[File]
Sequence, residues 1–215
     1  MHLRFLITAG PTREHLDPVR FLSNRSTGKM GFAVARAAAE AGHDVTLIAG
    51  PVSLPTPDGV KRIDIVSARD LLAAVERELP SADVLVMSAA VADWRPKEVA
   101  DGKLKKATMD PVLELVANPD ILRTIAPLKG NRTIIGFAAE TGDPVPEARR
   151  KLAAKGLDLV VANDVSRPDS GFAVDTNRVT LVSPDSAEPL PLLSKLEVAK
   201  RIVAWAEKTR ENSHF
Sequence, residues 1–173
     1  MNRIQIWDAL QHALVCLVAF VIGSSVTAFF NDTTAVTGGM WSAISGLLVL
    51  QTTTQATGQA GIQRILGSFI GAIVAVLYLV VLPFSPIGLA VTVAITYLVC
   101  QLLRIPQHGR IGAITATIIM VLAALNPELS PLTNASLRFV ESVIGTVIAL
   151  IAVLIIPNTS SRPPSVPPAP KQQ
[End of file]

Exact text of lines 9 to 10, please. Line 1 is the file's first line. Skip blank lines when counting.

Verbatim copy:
    51  QTTTQATGQA GIQRILGSFI GAIVAVLYLV VLPFSPIGLA VTVAITYLVC
   101  QLLRIPQHGR IGAITATIIM VLAALNPELS PLTNASLRFV ESVIGTVIAL